On completion of assessments, James and the staff worked out priorities for helping to achieve his aim of moving out to independent living. Strength-based support plans were developed to complement findings and to ensure that a full, active and worthwhile programme was developed.
A lot of work was completed around abstinence and the benefits – both physically and emotionally – were reinforced in the context of James wanting to move back into the community and keep hold of a tenancy. This was only successful as we adopted a collaborative approach with specialist input from a multi-disciplinary team of professionals, including support charity CAIS.
An important goal for James was to self-medicate as this would enable him to maintain improvements to his mental and physical health. It would also keep to a minimum visits from a care team, which had been making him feel that his flat was a workplace and not his home.
James regained the confidence and skills to manage his community access. This was completed initially on a one-to-one basis with staff to build up confidence, then support was withdrawn, gradually enabling him to access the community independently.
Family connections had broken down because of his chaotic lifestyle, and he had recently separated from his wife. Staff supported James to contact his ex-wife and re-establish a relationship to the point that they would travel together to see their granddaughter. Staff then supported James to contact his son to let him know how hard he was working and how much progress he had made.
A barrier to improving James’ health had been his inability to eat healthily, due to benefit problems and managing some debts that had spiraled out of control. After some work on budgeting skills and support to ensure he was on the right benefits, James was able to afford healthy meals and enjoyed cooking again.
He completely engaged with the team and worked within the support model with more commitment as progress was being made. Over the weeks, staff noticed James’s confidence growing and skills were rediscovered and built on. He faced every challenge presented to him head on and with the Arbennig staff team conquered each and every one.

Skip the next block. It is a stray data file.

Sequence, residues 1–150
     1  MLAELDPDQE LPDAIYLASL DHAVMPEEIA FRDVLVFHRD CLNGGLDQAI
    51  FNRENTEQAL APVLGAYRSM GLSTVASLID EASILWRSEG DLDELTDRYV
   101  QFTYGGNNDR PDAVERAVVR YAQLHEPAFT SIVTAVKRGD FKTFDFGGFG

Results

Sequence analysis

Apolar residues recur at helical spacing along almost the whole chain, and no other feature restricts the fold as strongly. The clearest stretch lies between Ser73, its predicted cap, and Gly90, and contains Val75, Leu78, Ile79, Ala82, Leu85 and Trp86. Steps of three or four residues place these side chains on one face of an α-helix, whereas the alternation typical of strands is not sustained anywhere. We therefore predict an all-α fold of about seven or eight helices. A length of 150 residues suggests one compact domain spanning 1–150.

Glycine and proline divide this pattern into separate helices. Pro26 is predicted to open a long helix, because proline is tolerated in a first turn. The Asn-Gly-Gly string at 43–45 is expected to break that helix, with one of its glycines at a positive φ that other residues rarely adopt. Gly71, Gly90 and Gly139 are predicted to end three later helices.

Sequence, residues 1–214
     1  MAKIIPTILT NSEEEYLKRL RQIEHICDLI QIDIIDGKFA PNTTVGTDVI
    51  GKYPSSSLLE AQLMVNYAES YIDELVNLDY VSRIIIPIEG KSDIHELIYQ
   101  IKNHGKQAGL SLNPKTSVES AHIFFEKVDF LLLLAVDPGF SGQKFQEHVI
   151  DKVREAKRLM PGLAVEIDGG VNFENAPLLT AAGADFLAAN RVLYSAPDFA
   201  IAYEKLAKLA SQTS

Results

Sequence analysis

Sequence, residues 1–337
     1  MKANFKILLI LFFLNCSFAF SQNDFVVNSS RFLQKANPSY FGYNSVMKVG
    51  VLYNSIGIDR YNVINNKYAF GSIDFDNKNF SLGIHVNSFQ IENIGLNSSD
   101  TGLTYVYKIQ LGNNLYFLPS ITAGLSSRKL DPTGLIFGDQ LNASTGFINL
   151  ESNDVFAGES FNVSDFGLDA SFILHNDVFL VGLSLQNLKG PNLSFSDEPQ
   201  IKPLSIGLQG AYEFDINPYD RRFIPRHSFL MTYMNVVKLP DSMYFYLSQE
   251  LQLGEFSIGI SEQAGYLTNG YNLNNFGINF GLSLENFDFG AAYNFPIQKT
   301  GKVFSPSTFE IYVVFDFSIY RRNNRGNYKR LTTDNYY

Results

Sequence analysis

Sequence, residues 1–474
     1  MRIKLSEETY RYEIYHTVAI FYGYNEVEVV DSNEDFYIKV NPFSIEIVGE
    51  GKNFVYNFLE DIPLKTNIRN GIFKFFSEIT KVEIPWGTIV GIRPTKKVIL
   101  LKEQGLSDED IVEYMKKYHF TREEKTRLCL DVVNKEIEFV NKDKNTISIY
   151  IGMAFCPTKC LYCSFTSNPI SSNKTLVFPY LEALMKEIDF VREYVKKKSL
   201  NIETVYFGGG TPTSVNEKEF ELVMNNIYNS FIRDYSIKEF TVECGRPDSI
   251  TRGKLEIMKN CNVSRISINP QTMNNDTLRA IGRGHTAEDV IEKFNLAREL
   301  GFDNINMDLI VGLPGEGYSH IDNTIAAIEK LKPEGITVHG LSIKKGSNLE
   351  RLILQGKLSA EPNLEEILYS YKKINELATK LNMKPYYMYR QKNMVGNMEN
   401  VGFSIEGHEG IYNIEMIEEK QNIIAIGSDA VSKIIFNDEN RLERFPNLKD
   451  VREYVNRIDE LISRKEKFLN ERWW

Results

James moved out into a supported living tenancy in February 2016. We are confident that as a team we have equipped him with the right skills and instilled enough confidence for him to succeed in his endeavours in the future. He also now has the support of his family, whom he now sees on a very regular basis, to help him succeed.
Like Arbennig, any establishment that supports adults with Korsakoff’s through a rehabilitative process needs a thorough understanding to achieve the progress experienced by James: Korsakoff patients are capable of new learning, particularly if they live in a calm and well structured environment and if new information is cued.3
This forms a key part of Potens’ model for staff supporting residents like James, helping him restore and relearn daily living skills by providing meaningful activities.
Glenn Barnett is area manager at Potens,
For further information on Korsakoff’s or this model, contact him on 07914 607745
(1) Alcohol Concern factsheet updated 2001
(2) Jacques A., Anderson K., (2002) A Survey on assessment, management and service provision for people with Korsakoff’s syndrome and other chronic ARBD in Scotland.
Dementia Services Development Centre. Stirling
(3) The Korsakoff syndrome: clinical aspects, psychology and treatment. Alcohol and Alcoholism vol 44 No2 pp 148-154 2009